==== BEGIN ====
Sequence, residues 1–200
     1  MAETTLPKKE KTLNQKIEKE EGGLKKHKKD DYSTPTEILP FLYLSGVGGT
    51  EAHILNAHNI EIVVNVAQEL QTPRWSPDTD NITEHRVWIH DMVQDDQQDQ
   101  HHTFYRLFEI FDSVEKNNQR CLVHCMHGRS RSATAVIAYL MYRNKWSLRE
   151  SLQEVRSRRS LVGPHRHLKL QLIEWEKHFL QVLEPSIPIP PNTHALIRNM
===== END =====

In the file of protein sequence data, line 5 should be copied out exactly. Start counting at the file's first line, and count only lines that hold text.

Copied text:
   151  SLQEVRSRRS LVGPHRHLKL QLIEWEKHFL QVLEPSIPIP PNTHALIRNM